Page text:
Mr. HOPPER: No, no, I never did. But I knew him.

GROSS: You knew Marcel Duchamp?

Mr. HOPPER: Yeah.

GROSS: How did you meet him?

Mr. HOPPER: Well, I met him at his retrospective.

GROSS: At the retrospective.

Mr. HOPPER: Yeah, all of us.

GROSS: You didn't play chess with him, did you?

Mr. HOPPER: Actually I did.

GROSS: You did?

Mr. HOPPER: Yeah. Not for very long. He was really good.

GROSS: So what was it like to play chess with Marcel Duchamp? I mean, there's
like--John Cage has talked about that, too, about how he loved to play chess
with Duchamp. That was a big thing for Duchamp.

Mr. HOPPER: Well, it was--listen, I sat down at a table with him for about
three minutes. It was a thrill. OK.

GROSS: Right. I was gonna s--right. Right. Right.

Mr. HOPPER: But I don't know what moves I made or what he did, you know...

GROSS: Right. Right.

Mr. HOPPER: ...except that I was thrilled by it. And that was the same day he
was playing--there's a famous photograph of him sitting--playing chess with a
nude and that was in Pasadena.

GROSS: Now, Dennis Hopper, can I talk with you about music a little bit?

Mr. HOPPER: Sure.

GROSS: Has music played an important life--part in your life? Do you like
music a lot, listen a lot?

Mr. HOPPER: Oh, yeah. Yeah.

GROSS: Now you grew up in the early years before rock 'n' roll. What did you
listen to before rock 'n' roll?

Mr. HOPPER: (Singing) Marie, the dawn is breaking. Marie, my heart is aching.

You know, something like that?

GROSS: Is this the era of The Four Freshmen. No, who am I thinking of?--The
Four Aces--The Four Aces.

Mr. HOPPER: Yeah, right. Right. Exactly.

GROSS: Perry Como, Patti Page.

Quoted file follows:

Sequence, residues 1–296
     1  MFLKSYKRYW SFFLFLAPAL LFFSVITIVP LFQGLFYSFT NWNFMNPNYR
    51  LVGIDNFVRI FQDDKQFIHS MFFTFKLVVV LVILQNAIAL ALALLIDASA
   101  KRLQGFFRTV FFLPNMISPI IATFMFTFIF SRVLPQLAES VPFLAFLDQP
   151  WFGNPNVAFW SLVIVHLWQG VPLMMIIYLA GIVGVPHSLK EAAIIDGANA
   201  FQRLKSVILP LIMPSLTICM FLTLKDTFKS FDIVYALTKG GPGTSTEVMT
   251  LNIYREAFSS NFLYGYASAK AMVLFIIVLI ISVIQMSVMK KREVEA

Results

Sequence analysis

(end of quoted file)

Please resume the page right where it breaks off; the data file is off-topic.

Mr. HOPPER: Yeah, that's right.

GROSS: Could you tell the good from the bad then? I mean, was there a
difference to you between, say, you know, Patti Page and Ella Fitzgerald?

Mr. HOPPER: (Singing) It's a big, wide, wonderful world we li...

Yeah--no, I could--I didn't know what--listen, I was having enough problems
just trying to get through high school. But...

GROSS: Was there anything you loved out of all that period of pre-rock 'n' roll
pop?

Mr. HOPPER: Well, I was a big--when I got to Los Angeles when I was 18--this
is, like, 1954--I got into jazz right away.

GROSS: Uh-huh.

Mr. HOPPER: So there was a period in there before rock 'n' roll--I'm not sure
of the years, but there was a period of time there where jazz was king and
Miles Davis was the greatest act in the country. And Bob Rafelson said to me
once, who was curator--the creator of The Monkees and later went on to do "Five
Easy Pieces" with Jack Nicholson and make some wonderful films. But at the
time, he said if Miles Davis hadn't turned his back on the audience, The
Beatles would never have been able to invade this country so easily. But Miles
would only blow at a certain point when he felt like it, and so he would go out
and just stand there and not maybe go through a whole concert. I've seen him
go through whole concerts where he didn't blow at all and did make some fans
angry. But I still love jazz, and rock 'n' roll was something that I was
listened to secretly on the radio. I had a channel--I would move it to the
rock 'n' roll station, but even my wife, when she got in, I would change it to
classical or change it to popular, or change it to something. I didn't want
anybody to know that I was listening to rock 'n' roll.

GROSS: Why not?

Mr. HOPPER: It was like animal music. You're not supposed to be listening to
it. And this was like--this was a condition that went on for some time. And
by--one time my wife got in the car and started the car before I changed the
station--it was playing rock 'n' roll. She said, `Oh, this--I love rock 'n'
roll.' I said, `You do?' Big surprise, huh? Oh, wow.

GROSS: You might be one of the few adults who had to hide rock 'n' roll.

Mr. HOPPER: Yeah, well, it was strange, you know. It was a strange time. It's
like it's easy to accept pop art and it's easy to accept abstract expressionist
art most places these days, but in the old days, if you had an abstract
painting, that was really weird. And if you had a soup can or a cartoon
hanging in your house, I mean, who were you? What kind of weird person
were--and listening to rock 'n' roll was like listening to the jungle or
something. It was just unheard of and it was not accepted.

GROSS: Now television--as we mentioned, you were doing a lot of episodic
television in the--I guess the late '50s?

Mr. HOPPER: Mm-hmm. Yeah.

GROSS: Early '60s? When did television come into your life, not as an actor,
but as a viewer?

Mr. HOPPER: Oh, as a viewer. I saw my first television show when I was 13.